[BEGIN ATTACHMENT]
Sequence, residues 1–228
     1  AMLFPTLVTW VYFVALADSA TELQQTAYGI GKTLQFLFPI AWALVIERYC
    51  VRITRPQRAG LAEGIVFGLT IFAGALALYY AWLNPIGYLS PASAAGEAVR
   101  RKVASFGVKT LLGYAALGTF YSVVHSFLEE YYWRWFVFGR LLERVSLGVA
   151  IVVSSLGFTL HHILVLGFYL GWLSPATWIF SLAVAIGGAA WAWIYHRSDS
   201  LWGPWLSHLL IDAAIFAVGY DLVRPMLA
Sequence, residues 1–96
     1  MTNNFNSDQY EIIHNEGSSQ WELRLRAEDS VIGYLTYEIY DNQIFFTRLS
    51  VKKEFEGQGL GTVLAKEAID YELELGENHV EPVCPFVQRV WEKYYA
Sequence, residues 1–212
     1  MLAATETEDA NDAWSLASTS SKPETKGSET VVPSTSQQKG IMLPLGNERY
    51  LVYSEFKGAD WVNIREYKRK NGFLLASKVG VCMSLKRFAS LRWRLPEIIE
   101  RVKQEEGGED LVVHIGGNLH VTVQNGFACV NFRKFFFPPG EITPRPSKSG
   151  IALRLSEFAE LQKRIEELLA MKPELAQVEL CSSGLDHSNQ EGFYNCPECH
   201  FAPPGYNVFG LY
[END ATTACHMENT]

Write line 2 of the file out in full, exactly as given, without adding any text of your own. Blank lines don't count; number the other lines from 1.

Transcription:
     1  AMLFPTLVTW VYFVALADSA TELQQTAYGI GKTLQFLFPI AWALVIERYC